This article needs additional citations for verification. Please help improve this article by adding citations to reliable sources. Unsourced material may be challenged and removed.Find sources: "Palio" – news · newspapers · books · scholar · JSTOR (January 2021) (Learn how and when to remove this message)

Palio is the name given in Italy to an annual athletic contest, very often of a historical character, pitting the neighbourhoods of a town or the hamlets of a comune against each other. Typically, they are fought in costume and commemorate some event or tradition of the Middle Ages and thus often involve horse racing, archery, jousting, crossbow shooting, and similar medieval sports. Once purely a matter of local rivalries, many have now become events that are staged with an eye to visitors and foreign tourists.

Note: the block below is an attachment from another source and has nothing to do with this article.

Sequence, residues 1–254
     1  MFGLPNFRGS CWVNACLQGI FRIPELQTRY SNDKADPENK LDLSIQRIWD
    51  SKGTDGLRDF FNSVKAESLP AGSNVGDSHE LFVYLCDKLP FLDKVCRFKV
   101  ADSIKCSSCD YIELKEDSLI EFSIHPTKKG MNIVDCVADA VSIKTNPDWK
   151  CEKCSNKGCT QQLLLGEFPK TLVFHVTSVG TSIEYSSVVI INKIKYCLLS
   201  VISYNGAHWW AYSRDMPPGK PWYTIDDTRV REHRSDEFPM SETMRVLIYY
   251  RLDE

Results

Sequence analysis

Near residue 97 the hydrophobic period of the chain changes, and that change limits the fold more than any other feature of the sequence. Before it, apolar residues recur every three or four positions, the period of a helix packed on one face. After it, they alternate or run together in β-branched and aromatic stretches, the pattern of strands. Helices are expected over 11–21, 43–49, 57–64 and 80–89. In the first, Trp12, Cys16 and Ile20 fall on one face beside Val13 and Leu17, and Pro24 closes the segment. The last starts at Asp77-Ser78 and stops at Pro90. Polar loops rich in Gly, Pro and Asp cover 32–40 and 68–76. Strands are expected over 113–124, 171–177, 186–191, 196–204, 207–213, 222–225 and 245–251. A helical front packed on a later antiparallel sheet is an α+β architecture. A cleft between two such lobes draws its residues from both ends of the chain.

The Palio di Siena in July 2010

The Palio di Siena is the only one that has been run without interruption since it started in the 1630s and is definitely the most famous all over the world. Its historical origins are documented since 1239 even though the version seen today was the final evolution of races held from the second half of the 16th century. In 1935, Italian Prime Minister Benito Mussolini sent out an official declaration that only the one of Siena could bring the designation of Palio. All other horse races held in various parts of Italy are actually just modern reenactments. After the Second World War, nevertheless, many other palios arose throughout the various regions of Italy, which could be considered just attempts of imitation of the Palio di Siena. Here is an incomplete list:

Italian Palios

Palios with horse races

Tuscany

Lazio

Lombardy

Piedmont

Sardinia

Umbria

Veneto

Marche

Emilia-Romagna

Sicily

Basilicata

Abruzzo

Puglia

Palios with donkey races

Umbria

Lombardy

Piedmont

Toscana

Campania

Lazio

Marche

Emilia-Romagna

Friuli

Palios with boat races (Palii remieri)

Tuscany

Liguria

Apulia

Trentino

Veneto

Calabria

Lazio

Palios with weapons

Tuscany

Umbria

Lazio

Friuli

Emilia-Romagna

Veneto

References

  1. ^ "Home". paliodisommavesuviana.it.
  2. ^ Official website